The Nature Photographer And The Travel Writer

By: Andrew Goodall

A nature photographer and a?travel writer?worked together on an article for a glossy travel magazine. The article was a big hit, and after publication they got together for a drink. “You know," said the travel writer, “that was some great photography you took. You must have a great camera."

“Thanks," said the nature photographer. “And that was some terrific creative writing. You must have a great typewriter."

If you get this joke, you are probably a photographer who puts up with ridiculous comments every day. If you don’t get it…all the more reason why you need to read this article.

If you eat a great meal at a restaurant, you don’t compliment the chef on the quality of his saucepans. When we appreciate a great painting, we don’t automatically think about the brand of paintbrush. When you hear your favourite song…well, you can see where I am going with this. So why is it that so many people think that good photography is all about how much money you spend on your camera?

A camera is the tool a photographer uses for?his or her?craft.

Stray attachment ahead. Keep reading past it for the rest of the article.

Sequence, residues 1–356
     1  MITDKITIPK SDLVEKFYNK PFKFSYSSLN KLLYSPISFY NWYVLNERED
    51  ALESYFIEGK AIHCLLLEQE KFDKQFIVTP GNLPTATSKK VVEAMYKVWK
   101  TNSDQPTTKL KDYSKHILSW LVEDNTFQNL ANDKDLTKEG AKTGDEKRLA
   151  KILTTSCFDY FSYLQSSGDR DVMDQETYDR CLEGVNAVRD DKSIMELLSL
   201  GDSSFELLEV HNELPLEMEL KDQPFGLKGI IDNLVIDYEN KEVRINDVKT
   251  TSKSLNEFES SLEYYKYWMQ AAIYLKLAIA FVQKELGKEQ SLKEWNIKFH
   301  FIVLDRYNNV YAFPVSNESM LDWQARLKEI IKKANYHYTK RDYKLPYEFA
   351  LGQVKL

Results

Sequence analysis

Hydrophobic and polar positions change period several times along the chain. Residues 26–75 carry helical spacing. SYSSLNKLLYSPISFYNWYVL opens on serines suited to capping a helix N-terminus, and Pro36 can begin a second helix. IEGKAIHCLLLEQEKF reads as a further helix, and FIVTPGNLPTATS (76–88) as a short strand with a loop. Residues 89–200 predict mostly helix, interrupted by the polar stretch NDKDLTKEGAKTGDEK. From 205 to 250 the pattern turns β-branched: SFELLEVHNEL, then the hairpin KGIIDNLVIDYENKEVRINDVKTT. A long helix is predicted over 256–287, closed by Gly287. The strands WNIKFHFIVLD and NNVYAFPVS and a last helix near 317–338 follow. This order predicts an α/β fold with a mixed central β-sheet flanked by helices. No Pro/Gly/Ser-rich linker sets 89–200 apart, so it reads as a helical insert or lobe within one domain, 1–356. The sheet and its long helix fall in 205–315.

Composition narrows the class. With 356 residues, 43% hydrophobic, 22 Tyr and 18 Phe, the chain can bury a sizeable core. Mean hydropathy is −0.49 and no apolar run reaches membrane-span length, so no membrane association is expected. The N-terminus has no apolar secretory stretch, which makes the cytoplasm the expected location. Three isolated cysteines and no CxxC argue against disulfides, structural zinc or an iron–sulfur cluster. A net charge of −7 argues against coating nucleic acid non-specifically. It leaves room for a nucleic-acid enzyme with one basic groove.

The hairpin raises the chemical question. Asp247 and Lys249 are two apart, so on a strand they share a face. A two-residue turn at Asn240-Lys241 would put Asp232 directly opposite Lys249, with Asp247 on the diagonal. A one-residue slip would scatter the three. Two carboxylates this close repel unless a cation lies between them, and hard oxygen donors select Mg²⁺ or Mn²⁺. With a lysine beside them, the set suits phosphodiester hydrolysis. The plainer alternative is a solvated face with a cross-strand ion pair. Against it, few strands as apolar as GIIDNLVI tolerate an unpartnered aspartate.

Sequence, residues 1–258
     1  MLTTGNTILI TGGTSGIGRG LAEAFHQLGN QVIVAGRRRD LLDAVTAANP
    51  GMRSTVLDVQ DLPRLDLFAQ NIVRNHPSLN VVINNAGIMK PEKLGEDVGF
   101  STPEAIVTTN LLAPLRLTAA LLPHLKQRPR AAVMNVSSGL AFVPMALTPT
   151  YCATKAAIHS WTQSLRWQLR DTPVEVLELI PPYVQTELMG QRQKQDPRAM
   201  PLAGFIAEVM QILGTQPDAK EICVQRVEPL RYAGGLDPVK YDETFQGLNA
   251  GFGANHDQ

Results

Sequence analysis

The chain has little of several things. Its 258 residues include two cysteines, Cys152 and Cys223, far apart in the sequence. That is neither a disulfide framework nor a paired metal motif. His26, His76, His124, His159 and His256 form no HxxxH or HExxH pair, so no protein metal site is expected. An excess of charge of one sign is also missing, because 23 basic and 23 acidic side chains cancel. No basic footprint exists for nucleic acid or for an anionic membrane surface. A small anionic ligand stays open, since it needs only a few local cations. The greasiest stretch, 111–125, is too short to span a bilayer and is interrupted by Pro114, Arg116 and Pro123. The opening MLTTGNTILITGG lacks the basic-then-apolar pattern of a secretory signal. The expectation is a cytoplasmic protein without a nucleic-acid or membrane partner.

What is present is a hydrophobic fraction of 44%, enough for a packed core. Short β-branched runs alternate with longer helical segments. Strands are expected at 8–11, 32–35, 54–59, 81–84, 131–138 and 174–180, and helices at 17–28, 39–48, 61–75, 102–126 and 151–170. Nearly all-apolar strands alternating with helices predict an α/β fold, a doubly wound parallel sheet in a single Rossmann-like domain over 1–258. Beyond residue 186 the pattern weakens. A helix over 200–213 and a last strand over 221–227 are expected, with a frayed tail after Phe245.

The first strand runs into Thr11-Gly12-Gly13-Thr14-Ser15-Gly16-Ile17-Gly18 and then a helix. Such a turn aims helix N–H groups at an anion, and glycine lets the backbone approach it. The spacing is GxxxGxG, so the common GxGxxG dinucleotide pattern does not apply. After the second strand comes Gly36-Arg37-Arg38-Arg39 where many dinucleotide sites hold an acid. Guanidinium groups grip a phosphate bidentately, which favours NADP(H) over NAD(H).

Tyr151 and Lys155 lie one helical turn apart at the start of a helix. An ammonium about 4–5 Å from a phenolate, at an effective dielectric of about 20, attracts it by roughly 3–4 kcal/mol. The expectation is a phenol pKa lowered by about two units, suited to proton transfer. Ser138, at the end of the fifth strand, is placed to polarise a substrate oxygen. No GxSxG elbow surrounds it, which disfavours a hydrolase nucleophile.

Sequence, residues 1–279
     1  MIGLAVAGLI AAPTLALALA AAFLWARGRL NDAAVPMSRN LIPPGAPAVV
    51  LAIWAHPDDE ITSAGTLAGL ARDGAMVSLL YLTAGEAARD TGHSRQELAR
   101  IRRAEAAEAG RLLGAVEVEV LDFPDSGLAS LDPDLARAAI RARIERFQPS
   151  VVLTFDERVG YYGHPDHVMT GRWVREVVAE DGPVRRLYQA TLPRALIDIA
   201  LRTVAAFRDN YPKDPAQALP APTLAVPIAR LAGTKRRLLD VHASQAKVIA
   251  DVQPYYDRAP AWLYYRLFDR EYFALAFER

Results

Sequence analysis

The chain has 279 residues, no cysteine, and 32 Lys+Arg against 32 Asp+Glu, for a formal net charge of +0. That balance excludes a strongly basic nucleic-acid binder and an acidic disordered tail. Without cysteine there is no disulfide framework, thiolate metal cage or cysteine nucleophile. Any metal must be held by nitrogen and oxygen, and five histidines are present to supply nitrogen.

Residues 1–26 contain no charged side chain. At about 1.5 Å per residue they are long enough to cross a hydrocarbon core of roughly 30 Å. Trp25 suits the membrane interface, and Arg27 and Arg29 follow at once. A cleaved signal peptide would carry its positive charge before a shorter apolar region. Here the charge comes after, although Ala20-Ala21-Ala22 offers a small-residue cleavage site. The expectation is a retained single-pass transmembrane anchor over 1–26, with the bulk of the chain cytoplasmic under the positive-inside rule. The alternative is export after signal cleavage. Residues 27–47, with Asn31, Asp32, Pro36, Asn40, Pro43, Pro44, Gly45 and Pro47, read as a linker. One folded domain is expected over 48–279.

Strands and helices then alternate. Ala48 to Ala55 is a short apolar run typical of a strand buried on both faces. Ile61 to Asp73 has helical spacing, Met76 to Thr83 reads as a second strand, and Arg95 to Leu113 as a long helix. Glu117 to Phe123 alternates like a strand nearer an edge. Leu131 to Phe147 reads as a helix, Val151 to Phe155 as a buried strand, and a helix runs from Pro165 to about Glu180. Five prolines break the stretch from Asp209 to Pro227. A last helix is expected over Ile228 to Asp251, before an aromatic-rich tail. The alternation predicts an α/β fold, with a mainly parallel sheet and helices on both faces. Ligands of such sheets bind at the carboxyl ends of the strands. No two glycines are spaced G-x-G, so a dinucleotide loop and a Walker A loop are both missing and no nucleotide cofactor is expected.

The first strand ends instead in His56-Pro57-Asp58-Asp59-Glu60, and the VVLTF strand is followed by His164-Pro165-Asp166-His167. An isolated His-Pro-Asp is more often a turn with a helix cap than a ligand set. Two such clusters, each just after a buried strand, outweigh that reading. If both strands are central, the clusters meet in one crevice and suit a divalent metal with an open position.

There are dozens of brands and models available, with myriad minor features that sound good in a camera shop. But good photography, as it always has, requires only the most basic features available in just about any camera: aperture, shutter speed, and a good lens.

In the days of film, these features were only available on SLR and larger format cameras, so it could be argued that they belonged to the realm of ‘serious’ photographers. However, in the digital age, these essential features are available on almost any camera, should the owner take the time to learn how to use them.

Regardless of what type of camera they use, a photographer employs their appreciation of light, an individual flair for composition, and a sense of timing that captures the subject in a way that makes a point, tells a story, or just looks pretty. These skills are the product of experience and creativity, and have nothing to do with technology.

I was once guest speaker at a camera club where one of the members brought a whole suitcase full of camera gear to the meeting. There was no reason to bring cameras to that particular meeting, and by all reports he wasn’t much of a photographer, but he wanted everyone to see how much expensive gear he had. What he did not seem to grasp was that cameras don’t earn you respect as a photographer – photos do.

If you want to improve your photography, never assume it will automatically happen with a better camera. Instead, settle for the camera you can afford, and learn to use the camera you have. Remember; aperture, shutter speed, a decent lens and a flair for composition and light. Master these and you will get results no matter what sort of camera you have.

Don’t be intimidated by photographers with thousands of dollars worth of equipment. Instead, intimidate them with your photography…in the endFree Articles, only results matter.

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